I sat there that day on my vertiginous perch wondering how anyone could watch a play from such a height. I had just read the Oresteia in English class that spring. I tried to imagine figures cloaked in white dancing and singing the choruses of the tragedy down in the orchestra of the theater and other figures in great masks with dramatic expressions, mouth openings functioning as megaphones, casting the words of Aeschylus upward on the wind to the seats at the top. How could one concentrate on a play in such a place?

I recall one more thing about that day so long ago. That was the day that I decided to be an archaeologist. Many years and many journeys and much thinking about cultural landscape later, that sense of awe remains. My heart still races when the ridge top site of Pergamon comes into view and I get a catch in my throat when I climb to the top of the theater and look down at the hawks flying in the clear blue skies over the Caicus River valley far below.

 See Pergamon for yourself – join our Study Leaders along the Turkish coast this summer and fall.

 Or, check out our other options for travel to Turkey.

For the Best Greek and Roman Ruins, See…Turkey??

Thursday, May 21st, 2009

With a Ph.D. in Islamic history from the University of Pennsylvania, Smithsonian Study Leader Gary Leiser has taught several courses in Middle Eastern history and published nine books, most on the early history of the Turks in the Middle East. For more on Gary and traveling with him, click here.

It is sometimes said that Turkey has better Greek ruins than Greece and better Roman ruins than Italy. Certainly, the classical ruins of Turkey rank among the best in the Mediterranean world. One site that has always intrigued me is ancient Pergamon (or Pergamum) in the northwest corner of Turkey. Ephesus, to the south, may get more tourist attention today than Pergamon because of the extent of its ruins, but its setting cannot compare to that of Pergamon. The acropolis of Pergamon perches atop a cone-shaped mountain that looms perhaps a thousand feet over the modern city of Bergama. It is approached by a narrow road that reaches the base of the upper walls. After a short but steep walk, you find yourself transported back to the late Roman Empire. Pergamon was the most powerful city in the Roman province of Asia before the rise of Ephesus in the first century A.D.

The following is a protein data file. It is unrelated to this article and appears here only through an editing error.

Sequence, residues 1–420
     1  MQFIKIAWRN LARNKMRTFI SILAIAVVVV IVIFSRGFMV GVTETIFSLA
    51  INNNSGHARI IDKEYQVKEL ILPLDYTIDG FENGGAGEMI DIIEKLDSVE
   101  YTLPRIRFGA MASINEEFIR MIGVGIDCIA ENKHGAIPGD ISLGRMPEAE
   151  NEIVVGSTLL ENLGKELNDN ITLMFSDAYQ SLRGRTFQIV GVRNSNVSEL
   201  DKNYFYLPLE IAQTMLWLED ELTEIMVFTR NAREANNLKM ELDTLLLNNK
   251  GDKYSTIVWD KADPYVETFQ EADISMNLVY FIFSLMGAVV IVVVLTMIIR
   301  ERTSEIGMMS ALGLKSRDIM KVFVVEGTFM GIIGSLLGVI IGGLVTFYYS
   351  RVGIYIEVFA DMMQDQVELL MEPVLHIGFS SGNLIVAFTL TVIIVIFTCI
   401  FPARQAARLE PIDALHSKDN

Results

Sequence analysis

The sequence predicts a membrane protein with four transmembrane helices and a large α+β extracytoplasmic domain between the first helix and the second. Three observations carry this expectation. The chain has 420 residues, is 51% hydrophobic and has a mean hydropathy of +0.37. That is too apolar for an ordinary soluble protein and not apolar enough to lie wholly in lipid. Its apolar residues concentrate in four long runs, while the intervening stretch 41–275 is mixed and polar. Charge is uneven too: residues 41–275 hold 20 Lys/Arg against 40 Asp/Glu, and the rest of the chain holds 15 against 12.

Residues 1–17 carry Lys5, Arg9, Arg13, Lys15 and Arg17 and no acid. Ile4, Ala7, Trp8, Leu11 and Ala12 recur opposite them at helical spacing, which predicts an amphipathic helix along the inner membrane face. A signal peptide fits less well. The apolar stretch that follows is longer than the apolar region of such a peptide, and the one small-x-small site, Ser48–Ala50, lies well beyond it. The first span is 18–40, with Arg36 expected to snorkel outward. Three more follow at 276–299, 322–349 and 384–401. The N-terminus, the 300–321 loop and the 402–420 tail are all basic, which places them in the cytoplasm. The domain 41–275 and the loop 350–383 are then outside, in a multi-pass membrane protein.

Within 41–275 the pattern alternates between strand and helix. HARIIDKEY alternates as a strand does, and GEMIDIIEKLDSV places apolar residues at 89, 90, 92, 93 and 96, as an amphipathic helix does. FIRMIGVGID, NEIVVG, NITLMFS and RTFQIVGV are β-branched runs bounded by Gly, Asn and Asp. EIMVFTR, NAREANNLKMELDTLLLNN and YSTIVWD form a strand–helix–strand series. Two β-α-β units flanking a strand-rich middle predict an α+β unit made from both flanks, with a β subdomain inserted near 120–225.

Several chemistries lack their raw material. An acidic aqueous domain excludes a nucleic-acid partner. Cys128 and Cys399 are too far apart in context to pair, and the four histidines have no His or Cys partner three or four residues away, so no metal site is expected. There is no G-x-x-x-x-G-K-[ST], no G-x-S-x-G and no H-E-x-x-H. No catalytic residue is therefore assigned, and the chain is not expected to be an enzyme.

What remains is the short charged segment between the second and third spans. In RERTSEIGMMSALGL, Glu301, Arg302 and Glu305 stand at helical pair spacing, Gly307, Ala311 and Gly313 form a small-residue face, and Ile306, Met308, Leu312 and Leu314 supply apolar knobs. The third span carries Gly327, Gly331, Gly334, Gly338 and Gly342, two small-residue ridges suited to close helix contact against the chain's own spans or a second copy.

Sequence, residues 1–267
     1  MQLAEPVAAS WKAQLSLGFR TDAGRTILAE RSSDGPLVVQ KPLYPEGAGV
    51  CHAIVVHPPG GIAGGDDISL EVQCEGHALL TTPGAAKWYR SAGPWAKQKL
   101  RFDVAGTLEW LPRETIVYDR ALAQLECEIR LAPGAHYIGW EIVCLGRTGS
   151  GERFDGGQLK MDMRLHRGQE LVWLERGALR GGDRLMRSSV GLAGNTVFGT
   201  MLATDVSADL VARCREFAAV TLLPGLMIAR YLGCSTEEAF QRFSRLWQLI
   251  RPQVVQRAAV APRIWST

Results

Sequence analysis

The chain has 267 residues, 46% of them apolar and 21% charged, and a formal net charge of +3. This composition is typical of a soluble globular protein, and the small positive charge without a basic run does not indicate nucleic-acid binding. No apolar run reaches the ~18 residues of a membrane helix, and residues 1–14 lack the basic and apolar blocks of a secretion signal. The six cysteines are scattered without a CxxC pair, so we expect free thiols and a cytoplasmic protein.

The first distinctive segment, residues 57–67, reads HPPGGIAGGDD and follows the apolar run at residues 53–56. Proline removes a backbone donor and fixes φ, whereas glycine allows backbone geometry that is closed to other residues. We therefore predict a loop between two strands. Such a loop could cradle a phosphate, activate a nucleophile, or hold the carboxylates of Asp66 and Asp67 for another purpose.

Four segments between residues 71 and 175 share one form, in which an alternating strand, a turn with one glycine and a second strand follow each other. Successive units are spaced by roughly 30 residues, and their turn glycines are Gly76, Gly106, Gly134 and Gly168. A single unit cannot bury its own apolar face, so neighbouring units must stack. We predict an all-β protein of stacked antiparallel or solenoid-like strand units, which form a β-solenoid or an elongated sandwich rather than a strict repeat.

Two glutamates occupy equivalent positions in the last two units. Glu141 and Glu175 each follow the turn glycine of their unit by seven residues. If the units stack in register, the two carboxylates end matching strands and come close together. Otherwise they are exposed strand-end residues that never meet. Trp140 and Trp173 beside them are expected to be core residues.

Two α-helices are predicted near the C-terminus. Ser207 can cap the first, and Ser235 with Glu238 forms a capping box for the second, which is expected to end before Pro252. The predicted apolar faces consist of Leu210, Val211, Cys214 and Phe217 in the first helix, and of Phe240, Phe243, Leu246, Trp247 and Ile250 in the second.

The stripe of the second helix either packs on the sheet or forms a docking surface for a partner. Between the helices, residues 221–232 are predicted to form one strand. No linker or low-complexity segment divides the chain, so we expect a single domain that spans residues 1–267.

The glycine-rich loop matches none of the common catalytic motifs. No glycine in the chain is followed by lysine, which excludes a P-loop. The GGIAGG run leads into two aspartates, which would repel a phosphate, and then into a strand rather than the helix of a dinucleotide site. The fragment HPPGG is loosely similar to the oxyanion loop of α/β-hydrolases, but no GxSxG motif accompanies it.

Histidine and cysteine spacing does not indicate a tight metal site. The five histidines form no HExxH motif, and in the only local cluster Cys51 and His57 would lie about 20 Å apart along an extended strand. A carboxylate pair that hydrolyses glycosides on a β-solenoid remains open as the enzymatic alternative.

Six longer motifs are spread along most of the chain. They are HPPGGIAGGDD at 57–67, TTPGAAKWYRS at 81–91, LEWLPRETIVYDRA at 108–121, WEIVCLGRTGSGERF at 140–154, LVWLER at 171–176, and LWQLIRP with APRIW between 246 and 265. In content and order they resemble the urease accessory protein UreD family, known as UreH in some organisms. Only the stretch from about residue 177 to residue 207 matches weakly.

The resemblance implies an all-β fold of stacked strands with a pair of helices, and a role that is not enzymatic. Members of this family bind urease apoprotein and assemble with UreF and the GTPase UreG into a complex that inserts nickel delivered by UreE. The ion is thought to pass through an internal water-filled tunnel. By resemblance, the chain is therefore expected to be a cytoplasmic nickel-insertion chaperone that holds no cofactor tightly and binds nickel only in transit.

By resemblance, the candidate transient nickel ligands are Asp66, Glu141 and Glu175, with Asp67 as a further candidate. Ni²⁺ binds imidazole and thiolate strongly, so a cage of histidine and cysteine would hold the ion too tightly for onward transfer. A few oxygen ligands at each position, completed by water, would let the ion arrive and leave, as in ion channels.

A sketch of Ancient Pergamum.

A sketch of Ancient Pergamon.

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The Path from Pergamon

Monday, May 4th, 2009

Janet Jones is Chair and Professor of Classics at Bucknell University and an active field archaeologist specializing in Greek and Roman art and architecture, ancient urbanization, ancient technology. Here, she reflects on the ancient Greek city of Pergamon, in what is now Turkey. Click here to learn more about Janet and traveling with her to Turkey.

The theater of Pergamon can seat up to 10,000 people and had the steepest seating of any ancient theater at the time.

The theater of Pergamon could seat up to 10,000 people and had the steepest seating of theaters in the ancient world.

The first time I visited Pergamon (or Pergamum), I was 16. I was in Turkey as a high school exchange student and visiting some of the ancient sites along the west coast of Turkey with my host family. I remember sitting at the top of the theater, gazing out over the modern city of Bergama, hawks soaring below me, and thinking that I couldn’t imagine a more magical landscape. Perched there, at the top the world, I felt weightless, like I could fly out into space if I didn’t hold on. I looked to the terraces above me and, dizzy, I looked down to the orchestra of the theater far below and felt it anchor me to the hill.

There was so much I didn’t know about Pergamon when I was 16. But that visceral experience of the city was something I have never forgotten, even as I have learned about the city in great detail. I didn’t know then that the designers of the city had planned that very experience—that they had sited the theater with its unforgettable view to serve as the linchpin for a radical departure in city planning. I didn’t know that Pergamon had an experimental design, a radial plan playing off the shape of the theater. No plodding rectangular grid plan for the innovative rulers of this feisty Hellenistic kingdom. And I didn’t know that Pergamon had a high-tech aqueduct system with pressure pipes and secure underground tunnels to bring water from mountain springs up to the city on the ridge. The monumental center of Pergamon along the ridge top was high value real estate, visible for miles, and it sent out clear messages of power and wonder. This powerful little kingdom could handle all comers. Just ask the Gauls! (more…)